Fundamentally, pet and rider programs are about driver happiness which directly influences driver retention. According to our Drive My Way Driver Happiness and Retention Survey, drivers who are unhappy at their jobs are more than 60% more likely to have job searched in the past 3 months. Unhappy drivers also report being unwilling to recommend their company to other drivers and do not want to work at their company for a long time. In contrast, the majority of drivers who are happy rarely think about looking for a new job and would recommend their company to other drivers.

Company drivers indicate that company culture is the second most important factor that drivers are attracted to their company. Being a pet friendly trucking company is only one small piece of company culture, but for some drivers, it makes a big difference. Offering a pet program is a great way to boost driver happiness, continue building a positive company culture, and increase driver retention.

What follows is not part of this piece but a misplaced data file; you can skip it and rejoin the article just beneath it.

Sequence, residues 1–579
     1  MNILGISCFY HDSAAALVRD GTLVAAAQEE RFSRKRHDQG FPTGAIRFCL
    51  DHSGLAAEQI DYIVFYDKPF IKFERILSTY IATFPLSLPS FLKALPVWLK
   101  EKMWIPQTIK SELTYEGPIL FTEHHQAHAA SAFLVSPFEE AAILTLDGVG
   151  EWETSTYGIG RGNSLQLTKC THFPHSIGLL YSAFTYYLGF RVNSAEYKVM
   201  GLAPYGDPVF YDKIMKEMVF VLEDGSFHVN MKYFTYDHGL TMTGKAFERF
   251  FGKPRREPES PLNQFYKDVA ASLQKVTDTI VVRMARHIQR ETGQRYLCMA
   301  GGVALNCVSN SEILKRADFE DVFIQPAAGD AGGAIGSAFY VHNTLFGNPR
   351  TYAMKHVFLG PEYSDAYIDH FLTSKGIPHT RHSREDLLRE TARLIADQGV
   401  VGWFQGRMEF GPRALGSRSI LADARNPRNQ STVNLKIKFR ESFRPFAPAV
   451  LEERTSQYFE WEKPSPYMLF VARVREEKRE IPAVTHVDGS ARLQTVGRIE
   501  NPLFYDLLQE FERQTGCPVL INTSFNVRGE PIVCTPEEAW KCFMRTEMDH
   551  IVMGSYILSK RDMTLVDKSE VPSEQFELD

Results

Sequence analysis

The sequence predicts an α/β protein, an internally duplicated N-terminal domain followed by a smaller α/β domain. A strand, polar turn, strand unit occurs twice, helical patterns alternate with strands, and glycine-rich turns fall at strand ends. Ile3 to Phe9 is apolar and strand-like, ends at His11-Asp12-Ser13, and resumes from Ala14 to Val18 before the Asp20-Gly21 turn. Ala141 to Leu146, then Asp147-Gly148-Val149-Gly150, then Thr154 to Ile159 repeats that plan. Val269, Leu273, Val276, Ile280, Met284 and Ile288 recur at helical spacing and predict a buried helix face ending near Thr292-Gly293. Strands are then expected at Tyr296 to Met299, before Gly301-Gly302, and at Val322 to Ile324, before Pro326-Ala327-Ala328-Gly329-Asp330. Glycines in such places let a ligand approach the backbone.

Pets Improve Driver Happiness

As any pet owner knows, pets make our lives better in countless ways. Studies have shown that pet owners are less likely to suffer from depression, have lower blood pressure in stressful situations, and lower cholesterol. For truck drivers, the benefits of a pet while on the road are even greater. Some truck drivers struggle to maintain their health. Having a pet that needs regular exercise encourages drivers to regularly get out of their truck, stretch, and walk around. In addition, pets can reduce depression among drivers who spend long periods of time away from home. They fill our need for human touch and give companionship during long stretches away from loved ones.